In Moscow, Prime Minister Win
ston Churchill and Anthony Eden
are still conferring with Stalin and
the leaders of the Polish Govern-
mcfnt - in - Exile. An agreement be
tween the Russians and the Poles is
expected to be reached in the im
mediate future. If the plan devised
proves to be acceptablc, a great pro
blem will be settled before the peace
table reckoning.
The Berlin radio has released hints
to the effect that all German troops
will be withdrawn from Greece short
ly. The outer ring of defense was
moved .it the* time of the invasion to
strengthen the inner ring. If the
Germans now withdraw, it will show
that German military leaders deem
ed it an unnecessary waste of mcfn
to endeavor to hold the remainder of
Greece.
The Red Army is on the march
,again. As many as 750,000 men arc
thought to be in the drive to gain
East Prussia. To the south, the
Keds are making another assault
across the Carplathian Mountains
along a 170 mile front.
While the Reds push toward
Czechoslovakia, Hungary appears to
b(? disintegrating internally. Ad
miral Nicholas Horthy who has been
acting as regent of Hungary for
a number of years tendered his res
ignation. Admiral Horthy disappear
ed last winter and his location re
mained undisclosed.
The news of the hour is in the
Pacific. The Toyko radio has an
nounced that the Allies have in
vaded the Philippines. Although the
Nipponese invariably exaggerate as
to how many ships and men we lose,
they are fairly reliable as to where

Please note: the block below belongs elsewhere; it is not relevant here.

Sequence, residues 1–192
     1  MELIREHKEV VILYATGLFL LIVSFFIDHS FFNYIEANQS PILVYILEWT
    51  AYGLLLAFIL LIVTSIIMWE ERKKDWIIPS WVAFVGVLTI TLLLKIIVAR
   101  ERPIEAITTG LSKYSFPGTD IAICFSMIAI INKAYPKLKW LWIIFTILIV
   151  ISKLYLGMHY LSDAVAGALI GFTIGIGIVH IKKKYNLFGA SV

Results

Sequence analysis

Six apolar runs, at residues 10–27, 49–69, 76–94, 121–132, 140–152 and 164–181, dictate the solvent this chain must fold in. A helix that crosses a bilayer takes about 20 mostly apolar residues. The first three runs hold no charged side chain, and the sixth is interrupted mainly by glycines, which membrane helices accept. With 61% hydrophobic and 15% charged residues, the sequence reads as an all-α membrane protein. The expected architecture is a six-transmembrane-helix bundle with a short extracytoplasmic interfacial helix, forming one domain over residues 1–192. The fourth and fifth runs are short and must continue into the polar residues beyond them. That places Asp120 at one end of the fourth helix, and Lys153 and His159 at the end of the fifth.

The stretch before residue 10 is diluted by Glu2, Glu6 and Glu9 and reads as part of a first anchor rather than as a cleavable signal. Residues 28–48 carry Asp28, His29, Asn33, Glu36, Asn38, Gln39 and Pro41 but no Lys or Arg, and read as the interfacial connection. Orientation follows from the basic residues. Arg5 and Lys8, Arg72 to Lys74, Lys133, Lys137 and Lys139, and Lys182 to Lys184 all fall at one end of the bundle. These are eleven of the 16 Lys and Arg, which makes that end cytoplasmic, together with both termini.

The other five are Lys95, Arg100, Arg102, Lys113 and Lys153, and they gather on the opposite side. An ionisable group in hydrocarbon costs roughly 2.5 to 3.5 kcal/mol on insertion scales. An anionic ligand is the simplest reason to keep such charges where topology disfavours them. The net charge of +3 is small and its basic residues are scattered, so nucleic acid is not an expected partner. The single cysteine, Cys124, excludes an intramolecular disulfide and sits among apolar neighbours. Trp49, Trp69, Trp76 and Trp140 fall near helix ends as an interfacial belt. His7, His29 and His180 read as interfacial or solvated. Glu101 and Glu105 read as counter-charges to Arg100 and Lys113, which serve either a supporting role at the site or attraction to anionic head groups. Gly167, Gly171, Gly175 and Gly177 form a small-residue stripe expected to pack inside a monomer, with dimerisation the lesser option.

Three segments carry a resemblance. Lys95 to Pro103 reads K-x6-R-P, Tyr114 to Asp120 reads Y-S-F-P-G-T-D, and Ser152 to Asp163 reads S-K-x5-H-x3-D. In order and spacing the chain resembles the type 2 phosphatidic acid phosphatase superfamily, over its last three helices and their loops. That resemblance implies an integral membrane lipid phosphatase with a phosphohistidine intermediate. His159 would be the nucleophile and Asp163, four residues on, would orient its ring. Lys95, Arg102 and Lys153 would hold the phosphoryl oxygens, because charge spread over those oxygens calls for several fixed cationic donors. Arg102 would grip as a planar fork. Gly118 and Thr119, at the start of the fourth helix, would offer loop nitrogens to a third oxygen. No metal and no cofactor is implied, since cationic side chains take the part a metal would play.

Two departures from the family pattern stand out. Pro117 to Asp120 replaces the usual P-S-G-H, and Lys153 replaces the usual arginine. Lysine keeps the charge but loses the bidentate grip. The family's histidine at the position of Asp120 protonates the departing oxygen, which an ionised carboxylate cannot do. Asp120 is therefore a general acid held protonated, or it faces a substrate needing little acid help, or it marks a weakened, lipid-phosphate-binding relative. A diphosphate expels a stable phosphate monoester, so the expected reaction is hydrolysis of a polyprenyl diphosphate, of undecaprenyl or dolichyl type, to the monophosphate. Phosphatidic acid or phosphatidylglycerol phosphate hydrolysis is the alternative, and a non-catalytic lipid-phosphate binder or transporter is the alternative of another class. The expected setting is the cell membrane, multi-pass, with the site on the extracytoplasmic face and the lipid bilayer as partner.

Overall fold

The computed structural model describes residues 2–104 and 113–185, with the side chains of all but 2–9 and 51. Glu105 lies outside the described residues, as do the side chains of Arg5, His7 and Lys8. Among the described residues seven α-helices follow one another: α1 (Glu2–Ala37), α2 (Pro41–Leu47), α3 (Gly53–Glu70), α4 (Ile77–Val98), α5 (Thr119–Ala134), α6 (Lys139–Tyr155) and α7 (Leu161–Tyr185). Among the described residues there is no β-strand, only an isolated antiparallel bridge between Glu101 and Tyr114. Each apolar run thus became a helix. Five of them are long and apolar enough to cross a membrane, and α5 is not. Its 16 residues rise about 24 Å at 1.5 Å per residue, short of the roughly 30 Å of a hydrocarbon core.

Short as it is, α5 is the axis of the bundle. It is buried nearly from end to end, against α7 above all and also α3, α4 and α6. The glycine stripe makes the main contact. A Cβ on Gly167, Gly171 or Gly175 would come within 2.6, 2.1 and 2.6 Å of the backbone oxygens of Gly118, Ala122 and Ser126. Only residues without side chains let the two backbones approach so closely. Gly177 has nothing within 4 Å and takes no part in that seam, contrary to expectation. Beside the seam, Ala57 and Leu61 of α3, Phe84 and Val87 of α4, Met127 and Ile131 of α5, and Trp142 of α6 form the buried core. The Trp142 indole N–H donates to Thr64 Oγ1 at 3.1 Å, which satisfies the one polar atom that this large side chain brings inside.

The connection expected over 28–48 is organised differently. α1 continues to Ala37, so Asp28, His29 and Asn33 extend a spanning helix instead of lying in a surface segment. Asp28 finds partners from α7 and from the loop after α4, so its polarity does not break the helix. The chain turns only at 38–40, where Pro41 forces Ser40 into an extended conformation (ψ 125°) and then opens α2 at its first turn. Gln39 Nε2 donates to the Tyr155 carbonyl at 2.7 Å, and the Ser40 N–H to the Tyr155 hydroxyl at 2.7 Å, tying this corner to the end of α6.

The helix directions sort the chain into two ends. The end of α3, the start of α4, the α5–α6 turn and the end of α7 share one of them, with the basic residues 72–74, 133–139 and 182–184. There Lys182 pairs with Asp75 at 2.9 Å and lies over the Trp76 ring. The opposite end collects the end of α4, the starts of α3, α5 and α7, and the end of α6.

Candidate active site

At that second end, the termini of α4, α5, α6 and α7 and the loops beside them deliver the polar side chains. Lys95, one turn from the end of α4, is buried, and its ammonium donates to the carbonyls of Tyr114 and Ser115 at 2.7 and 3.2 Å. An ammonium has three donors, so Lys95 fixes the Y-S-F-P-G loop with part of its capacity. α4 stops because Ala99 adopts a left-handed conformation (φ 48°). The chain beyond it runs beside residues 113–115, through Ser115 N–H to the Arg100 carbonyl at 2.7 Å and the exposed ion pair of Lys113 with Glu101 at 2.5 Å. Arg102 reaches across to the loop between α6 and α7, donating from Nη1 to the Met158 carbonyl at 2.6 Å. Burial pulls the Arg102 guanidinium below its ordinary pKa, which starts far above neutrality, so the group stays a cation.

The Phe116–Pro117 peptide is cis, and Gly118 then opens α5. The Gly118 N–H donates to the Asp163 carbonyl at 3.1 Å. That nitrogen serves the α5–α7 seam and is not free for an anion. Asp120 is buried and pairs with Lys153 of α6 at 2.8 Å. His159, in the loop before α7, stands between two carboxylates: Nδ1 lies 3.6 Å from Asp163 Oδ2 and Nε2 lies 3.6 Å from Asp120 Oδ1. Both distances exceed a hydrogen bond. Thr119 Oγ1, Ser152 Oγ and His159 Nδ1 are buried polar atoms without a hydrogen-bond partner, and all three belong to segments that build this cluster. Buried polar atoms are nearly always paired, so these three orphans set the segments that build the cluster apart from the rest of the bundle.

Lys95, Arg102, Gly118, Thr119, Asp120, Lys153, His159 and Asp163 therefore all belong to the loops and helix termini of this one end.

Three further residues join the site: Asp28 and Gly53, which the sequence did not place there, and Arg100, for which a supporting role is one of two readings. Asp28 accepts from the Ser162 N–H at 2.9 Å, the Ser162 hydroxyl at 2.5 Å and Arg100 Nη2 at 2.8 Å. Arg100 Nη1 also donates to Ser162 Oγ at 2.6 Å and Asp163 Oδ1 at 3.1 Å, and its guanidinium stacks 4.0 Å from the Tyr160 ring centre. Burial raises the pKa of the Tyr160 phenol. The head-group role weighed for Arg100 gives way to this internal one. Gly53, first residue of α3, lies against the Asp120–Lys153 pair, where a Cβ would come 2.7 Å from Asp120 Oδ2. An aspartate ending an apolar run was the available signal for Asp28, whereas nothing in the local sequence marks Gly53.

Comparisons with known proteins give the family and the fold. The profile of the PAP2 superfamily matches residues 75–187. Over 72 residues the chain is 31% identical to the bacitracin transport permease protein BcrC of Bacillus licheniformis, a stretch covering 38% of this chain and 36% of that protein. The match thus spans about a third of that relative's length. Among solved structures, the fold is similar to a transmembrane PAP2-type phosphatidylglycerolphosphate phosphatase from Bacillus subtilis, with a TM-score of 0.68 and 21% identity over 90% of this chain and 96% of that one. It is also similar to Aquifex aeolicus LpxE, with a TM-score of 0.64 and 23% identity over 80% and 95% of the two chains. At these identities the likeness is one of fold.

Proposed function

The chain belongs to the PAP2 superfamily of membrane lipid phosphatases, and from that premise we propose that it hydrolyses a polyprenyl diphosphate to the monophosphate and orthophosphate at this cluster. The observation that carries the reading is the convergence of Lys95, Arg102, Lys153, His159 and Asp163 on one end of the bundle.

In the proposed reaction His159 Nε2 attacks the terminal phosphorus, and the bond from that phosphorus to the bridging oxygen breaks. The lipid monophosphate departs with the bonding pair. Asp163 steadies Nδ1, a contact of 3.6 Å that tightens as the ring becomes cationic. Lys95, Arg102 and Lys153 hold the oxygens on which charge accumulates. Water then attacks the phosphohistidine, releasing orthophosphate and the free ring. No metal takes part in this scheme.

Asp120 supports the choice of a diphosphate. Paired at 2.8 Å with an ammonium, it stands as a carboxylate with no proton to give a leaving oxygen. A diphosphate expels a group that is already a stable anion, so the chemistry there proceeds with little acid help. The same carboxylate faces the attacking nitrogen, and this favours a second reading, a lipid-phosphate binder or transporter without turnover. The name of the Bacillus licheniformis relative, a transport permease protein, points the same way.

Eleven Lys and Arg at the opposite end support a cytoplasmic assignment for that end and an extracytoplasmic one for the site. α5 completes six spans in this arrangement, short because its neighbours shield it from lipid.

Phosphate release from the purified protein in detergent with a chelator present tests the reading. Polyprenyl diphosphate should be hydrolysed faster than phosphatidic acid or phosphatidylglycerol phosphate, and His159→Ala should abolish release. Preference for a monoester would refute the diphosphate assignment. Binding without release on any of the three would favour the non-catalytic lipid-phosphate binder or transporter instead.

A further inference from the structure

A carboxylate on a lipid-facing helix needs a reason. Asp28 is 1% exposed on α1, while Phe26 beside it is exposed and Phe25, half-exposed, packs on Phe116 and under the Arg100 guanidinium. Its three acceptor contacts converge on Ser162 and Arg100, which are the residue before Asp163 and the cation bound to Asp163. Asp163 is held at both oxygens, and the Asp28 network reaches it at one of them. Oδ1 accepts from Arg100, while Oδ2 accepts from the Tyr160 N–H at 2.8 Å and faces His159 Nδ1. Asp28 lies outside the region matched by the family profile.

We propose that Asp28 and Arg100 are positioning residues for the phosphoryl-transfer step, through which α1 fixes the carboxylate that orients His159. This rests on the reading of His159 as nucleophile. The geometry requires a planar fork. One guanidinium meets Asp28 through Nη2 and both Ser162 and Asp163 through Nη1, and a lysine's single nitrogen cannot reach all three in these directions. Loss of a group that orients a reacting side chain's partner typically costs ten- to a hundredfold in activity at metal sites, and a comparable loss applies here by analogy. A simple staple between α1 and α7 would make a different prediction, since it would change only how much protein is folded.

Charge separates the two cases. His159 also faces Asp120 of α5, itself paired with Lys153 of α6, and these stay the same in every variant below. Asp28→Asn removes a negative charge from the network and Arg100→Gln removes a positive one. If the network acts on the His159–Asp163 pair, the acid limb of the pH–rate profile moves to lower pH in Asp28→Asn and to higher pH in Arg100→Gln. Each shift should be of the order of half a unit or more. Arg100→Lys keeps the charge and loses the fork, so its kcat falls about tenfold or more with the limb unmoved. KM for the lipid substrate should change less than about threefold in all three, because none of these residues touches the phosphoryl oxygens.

we invade when. The announcement
stated thaat an Allied task force
had precipitated landings on the is
land of Suluan. As yet, the Allies
have neither confirmed nor denied
the report. Any month has its dis
advantages in the Philippines but
the month of October is the best
month for invasion. The Philipines
are healthier than Guadalcanal and
other Pacific islands. Obviously the
Allies have been waiting for the
proper atmospheric conditions to
strike at the Philippines. The air
(Cont. on page three)
MISS NAOMI KAEK
Miss N. Kark
Draws, Dances,
And Loves Art
By Jane K. Bell
I climbed forty-six worn steps
passing three floors of rooms until
I arrived in the Art Department.
There I found Miss Naomi Kark,
our new assistant art professor. She
was in the midst of her young ar
tists personally telling each of them
just how to draw Lou Stack, their
model for the day. Through Miss
Kark is small, she stood out from
her students. She was dressed in a
gray suit which matched her eyes.
Miss Kark came to the United
States, (New Haven, Connecticut, to
be exact) from the Union of South
^frica, nine months before Pearl
Harbor. She studied art at Yale
University where she received her
A. B. and M. A. degrees. But to me
her past life was more interesting.
South Africa was her home until
she was In her third year in college.
She says South Africa is “not wilds
and a dark continent as people think
but it is very much like the States.”
The social customs are almost the
same. The young people ride horses,
play tennis and climb mountains as
we do. She says the only feature
that pertains to the wilds is a group
of slaves, freed in 1765, of Moham
medan religion, who wear very color
ful costumes but live harmless lives.
In 1939 Miss Kark traveled to
London, England. She says that
even then there was “an atmosphere
of tension in this dignified city.”
Her accent did not come from the
English, as I concluded, but is purely
^uth African.
Music and ballet dancing are her